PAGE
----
Ranciere’s contribution to Lire le Capital was left out of the English translation of Reading Capital. This is a shame, since as Elbe points out, Ranciere’s interpretation of critique and the genesis of value have important parallels with the early work of the Neue Marx-Lekture. The attached, which marks the third part of Ranciere’s contribution, is largely about fetishism. In the article, Ranciere rightly points out that fetishism is neither ideology or alienation:
The concept of fetishism in Capital poses a problem which can be initially formulated in the naive form: What is involved in fetishism?
We know that this is the conception which acts as a foothold for those who interpret Capital on the basis of the anthropology of the Young Marx. For them fetishism is only a new name for alienation. In fetishism relations between men become relations between things. Thus the activity of men passes into an alien being; it becomes a determination of things and men are dominated by these relations between things. Fetishism is therefore an anthropological process analogous to that of alienation.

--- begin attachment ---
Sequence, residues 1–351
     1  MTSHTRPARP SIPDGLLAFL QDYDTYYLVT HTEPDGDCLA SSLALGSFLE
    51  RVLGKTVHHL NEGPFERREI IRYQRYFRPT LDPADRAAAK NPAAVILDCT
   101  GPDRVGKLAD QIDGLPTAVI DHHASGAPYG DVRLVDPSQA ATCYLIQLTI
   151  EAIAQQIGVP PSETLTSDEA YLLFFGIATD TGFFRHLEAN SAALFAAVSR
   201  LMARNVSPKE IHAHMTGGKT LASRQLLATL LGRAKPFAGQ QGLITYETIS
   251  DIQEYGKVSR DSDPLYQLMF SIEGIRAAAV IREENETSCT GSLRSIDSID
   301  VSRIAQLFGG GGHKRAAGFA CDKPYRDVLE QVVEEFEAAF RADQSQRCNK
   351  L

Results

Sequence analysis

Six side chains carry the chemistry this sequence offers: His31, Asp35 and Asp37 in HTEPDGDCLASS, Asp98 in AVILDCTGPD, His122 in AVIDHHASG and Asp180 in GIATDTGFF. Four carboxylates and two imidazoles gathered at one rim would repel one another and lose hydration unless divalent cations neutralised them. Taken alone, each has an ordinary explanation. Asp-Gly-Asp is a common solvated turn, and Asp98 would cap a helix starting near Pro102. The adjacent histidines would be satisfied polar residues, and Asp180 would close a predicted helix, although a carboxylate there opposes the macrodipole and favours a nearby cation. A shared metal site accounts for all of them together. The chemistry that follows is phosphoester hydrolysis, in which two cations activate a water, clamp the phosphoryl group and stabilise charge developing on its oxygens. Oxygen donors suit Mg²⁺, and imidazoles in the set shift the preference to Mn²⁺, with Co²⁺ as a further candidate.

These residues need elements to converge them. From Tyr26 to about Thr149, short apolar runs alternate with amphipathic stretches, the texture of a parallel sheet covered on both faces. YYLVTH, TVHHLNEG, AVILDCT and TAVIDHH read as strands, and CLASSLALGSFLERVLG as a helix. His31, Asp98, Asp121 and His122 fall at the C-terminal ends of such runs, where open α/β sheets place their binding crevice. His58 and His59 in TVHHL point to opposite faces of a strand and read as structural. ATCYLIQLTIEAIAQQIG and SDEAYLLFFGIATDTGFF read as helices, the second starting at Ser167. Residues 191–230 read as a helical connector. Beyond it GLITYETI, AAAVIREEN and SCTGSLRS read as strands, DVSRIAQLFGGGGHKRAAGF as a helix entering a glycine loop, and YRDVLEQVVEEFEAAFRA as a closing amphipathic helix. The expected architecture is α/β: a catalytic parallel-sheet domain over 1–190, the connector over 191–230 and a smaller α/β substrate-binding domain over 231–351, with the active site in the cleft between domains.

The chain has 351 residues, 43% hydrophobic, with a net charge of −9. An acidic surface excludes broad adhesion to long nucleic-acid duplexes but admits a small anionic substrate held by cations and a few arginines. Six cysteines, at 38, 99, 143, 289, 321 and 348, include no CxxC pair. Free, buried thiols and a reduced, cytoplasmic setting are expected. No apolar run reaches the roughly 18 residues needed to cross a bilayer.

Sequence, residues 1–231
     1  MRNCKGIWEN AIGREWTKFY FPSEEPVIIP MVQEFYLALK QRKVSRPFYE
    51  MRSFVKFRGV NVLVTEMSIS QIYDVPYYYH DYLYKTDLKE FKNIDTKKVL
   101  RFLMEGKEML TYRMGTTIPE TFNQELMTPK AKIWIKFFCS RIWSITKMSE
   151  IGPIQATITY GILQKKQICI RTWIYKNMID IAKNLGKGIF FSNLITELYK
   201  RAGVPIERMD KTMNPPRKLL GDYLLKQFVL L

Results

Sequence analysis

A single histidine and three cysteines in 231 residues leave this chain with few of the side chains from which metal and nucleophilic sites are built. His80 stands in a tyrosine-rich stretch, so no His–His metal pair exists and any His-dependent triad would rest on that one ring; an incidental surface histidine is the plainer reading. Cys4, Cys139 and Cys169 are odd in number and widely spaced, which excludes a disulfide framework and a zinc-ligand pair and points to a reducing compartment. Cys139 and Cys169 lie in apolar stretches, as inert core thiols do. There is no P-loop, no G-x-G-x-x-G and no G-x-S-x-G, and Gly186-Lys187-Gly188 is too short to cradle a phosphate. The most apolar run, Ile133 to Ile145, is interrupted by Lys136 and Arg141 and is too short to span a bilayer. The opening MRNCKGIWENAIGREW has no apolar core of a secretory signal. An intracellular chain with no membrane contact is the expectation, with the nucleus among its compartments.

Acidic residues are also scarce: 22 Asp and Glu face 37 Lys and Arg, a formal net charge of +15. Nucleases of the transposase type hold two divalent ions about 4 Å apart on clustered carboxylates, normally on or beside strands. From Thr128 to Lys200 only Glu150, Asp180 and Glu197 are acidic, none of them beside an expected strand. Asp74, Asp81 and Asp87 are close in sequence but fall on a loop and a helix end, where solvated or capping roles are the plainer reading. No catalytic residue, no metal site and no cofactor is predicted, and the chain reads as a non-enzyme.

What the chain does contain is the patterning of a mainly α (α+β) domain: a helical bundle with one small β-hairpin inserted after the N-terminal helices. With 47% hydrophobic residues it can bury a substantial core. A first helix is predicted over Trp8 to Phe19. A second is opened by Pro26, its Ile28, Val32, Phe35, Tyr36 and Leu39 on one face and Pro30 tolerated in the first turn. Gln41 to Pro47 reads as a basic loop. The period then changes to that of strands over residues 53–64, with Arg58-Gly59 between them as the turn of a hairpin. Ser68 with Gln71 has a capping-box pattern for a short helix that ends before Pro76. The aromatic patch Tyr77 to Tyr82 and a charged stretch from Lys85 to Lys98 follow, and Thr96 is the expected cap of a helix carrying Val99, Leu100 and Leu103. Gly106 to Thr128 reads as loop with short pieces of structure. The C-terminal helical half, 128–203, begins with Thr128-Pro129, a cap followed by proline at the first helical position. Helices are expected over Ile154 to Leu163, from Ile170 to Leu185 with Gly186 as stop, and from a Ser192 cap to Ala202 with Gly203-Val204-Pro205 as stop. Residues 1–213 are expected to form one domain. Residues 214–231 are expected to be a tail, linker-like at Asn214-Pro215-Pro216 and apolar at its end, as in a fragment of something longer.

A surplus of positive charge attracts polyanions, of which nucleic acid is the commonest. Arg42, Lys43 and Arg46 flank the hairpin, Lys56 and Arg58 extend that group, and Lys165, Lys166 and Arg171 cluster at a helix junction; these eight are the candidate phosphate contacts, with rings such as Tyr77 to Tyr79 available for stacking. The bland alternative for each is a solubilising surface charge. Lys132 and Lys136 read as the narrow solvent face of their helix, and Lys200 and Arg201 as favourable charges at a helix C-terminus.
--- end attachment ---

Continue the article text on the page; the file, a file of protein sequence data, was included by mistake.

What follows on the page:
An opposite interpretation denies fetishism any of the character of a real process and says that it is only a conception of economic relations, an ideology.
In fact we shall only understand fetishism if we think it in continuity with what I have said about the structure of the process and the development of its forms.
He also makes important points about that the differences between Marx’s theory of alienated human essence in The Manuscripts and his theory of value in Capital, which could have influenced or at least parallel some of Heinrich’s arguments about the continuity and discontinuity in Marx, the ambivalences in Capital and his interpretation of fetishism —
We have seen that as we passed to more and more concrete forms of the process of capitalist production the inner determination that governs their motion disappeared, that the nuclear form disappeared in the completed form. It is this movement that is constitutive of fetishism. A certain connection presents itself on the surface of the process that we can call a fetishistic structure. The fetishistic discourse is the elaboration of this connection of concrete forms presented on the surface of the capitalist process and reflected in the consciousness of the agents of production.
It also possible that Ranciere’s work might provide a bridge for the sort of project Milious is working on — a synthesis of value theory and Althusserian structuralism. For these reasons Ranciere’s contributions should be more widely known and read.